I have coached two clients in the last week, each of whom had deep issues around identity, values and beliefs that were showing up in their leadership. The level of exposure is new for both clients; they have previously climbed their respective corporate ladders in a way that whilst stretching, had been essentially safe.
In the coaching sessions, both clients were really rocked because in a new context, their leadership style is under scrutiny and falling short. One might say to yourself ‘aha, same issue, good, I know the approach to use!’. But each need a different approach entirely, because of the start point of their resilience levels.
Take Client A. A senior operational leader, come up through the ranks, always been about delivering turnaround and distinct stretch in their area. Phenomenal track record of taking more and more areas under their belt and delivering sustainable high performance as they go. I meet them when they have been reassigned, suddenly, into a problem area. This is all at the same time as a restructure of their original business division.
As a result of the reassignment, client A loses all their staff, all their normal areas of control, all influence on how the new structure should be managed, everything. On top of that, they have no idea how to approach their new problem area, there is no defined goal, little clarity, no direct control and lots of stakeholders jostling for power. The client is daunted and overwhelmed. Meanwhile they are hijacked by why this whole situation has arisen: the reason for the transfer are unclear but the client cites the following as possible:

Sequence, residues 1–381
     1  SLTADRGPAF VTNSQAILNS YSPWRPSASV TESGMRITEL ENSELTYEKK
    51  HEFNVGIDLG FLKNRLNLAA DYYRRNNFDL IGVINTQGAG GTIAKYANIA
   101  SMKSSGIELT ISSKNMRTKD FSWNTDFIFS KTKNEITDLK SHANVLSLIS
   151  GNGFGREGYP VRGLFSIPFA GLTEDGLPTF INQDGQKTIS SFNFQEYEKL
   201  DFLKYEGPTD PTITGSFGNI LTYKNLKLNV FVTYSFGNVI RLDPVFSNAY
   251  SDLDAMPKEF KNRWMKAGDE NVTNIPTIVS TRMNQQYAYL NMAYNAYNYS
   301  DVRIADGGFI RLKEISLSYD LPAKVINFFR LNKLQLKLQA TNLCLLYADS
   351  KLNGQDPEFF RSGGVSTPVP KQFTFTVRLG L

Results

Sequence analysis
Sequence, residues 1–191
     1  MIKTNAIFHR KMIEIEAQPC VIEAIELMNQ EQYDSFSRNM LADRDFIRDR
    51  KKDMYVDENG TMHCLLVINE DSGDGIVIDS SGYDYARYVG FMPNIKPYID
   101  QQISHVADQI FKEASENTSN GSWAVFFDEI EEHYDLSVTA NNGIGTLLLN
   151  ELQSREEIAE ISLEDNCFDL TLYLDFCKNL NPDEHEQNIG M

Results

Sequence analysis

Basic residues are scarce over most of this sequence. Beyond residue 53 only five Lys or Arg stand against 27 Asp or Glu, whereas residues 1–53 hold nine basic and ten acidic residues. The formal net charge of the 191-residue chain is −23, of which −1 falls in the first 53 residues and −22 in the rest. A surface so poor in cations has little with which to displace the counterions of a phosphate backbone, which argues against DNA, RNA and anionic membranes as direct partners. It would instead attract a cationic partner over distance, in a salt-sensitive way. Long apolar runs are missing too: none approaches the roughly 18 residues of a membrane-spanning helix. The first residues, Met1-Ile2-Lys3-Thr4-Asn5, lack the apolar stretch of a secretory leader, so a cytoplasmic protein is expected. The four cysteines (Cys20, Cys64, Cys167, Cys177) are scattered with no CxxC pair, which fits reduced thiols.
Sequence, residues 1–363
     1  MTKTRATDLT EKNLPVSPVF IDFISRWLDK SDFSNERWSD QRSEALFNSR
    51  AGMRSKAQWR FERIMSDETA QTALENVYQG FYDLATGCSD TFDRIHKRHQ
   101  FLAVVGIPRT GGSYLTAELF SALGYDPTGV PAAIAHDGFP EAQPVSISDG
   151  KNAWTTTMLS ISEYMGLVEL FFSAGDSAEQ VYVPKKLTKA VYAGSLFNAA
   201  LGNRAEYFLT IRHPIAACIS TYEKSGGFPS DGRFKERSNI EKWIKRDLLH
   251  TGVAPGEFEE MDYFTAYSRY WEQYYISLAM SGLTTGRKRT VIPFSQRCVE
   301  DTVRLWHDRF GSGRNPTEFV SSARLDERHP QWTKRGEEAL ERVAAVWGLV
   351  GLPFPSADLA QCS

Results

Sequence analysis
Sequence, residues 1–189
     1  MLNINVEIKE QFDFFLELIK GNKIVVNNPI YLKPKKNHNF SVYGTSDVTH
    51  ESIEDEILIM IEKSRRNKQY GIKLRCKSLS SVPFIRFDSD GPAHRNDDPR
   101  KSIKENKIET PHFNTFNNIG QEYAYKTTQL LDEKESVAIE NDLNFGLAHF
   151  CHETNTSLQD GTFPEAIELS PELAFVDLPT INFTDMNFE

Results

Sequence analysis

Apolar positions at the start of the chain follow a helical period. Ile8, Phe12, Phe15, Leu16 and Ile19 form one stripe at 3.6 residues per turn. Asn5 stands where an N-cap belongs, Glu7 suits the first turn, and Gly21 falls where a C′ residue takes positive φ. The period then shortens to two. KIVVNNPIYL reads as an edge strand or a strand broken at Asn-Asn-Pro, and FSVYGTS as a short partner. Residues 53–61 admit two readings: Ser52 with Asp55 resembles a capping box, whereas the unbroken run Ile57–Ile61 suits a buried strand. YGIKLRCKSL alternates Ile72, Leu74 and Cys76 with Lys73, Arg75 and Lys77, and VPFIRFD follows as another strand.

- The problem area needs this vast experience and confidence, and since the issue is at the CEO level, the client’s boss has put their best person on the job. This would mean it’s an accolade.
- The client has displeased the boss/the CEO/someone and is being hived off into a smaller (even though currently more critical) area. This would mean it’s a punishment.
- The client has got so good at leading and managing their area, that there is little room for growth of their next best people unless they move on. The client just can’t see that, so a forced move will leave others to backfill and grow. This would mean that the client is stifling team growth and individuals coming into leadership. Serious!
As the coach, I can’t assume any of this is either true or untrue. I note the polar opposites. I note the negatives. I especially note the energy associated with having to please others. And I work with the ‘data’ that the client presents to me:
- The client’s confidence is rocked, deeply rocked
- They are lost in the new job and seem cognitively to be stuck
- They are suffering from multiple losses in terms of clarity of remit, sense of team and responsibility for staff, their authority.
- They are so angry, and so upset, they have already applied for a job elsewhere which would mean then uprooting themselves from a home they have built and love. It doesn’t seem the right answer.
Pretty mega stuff for a first session!
My approach as a resilience coach includes a sense that the client, whilst rocked in this context, is not rocked at their core. They can articulate their abilities and reflect and even take challenge, they aren’t stuck on one conclusion. They in fact know they can perform really well given the right conditions.
So I trust that. Whilst gentle, I do not hold back in the flow of unpacking the whole situation. It helps reframe, it helps spot the lighter moments, it creates laughter when the client notices their own – annoying but true – drivers of wanting to please. It is also clear they are a cognitive learner, the client needs to understand and see the whole picture, and that creates a shift. The whole picture is big. It includes the potential drivers of needing to please at the heart of their success to date. And how this then hijacks them in this new situation.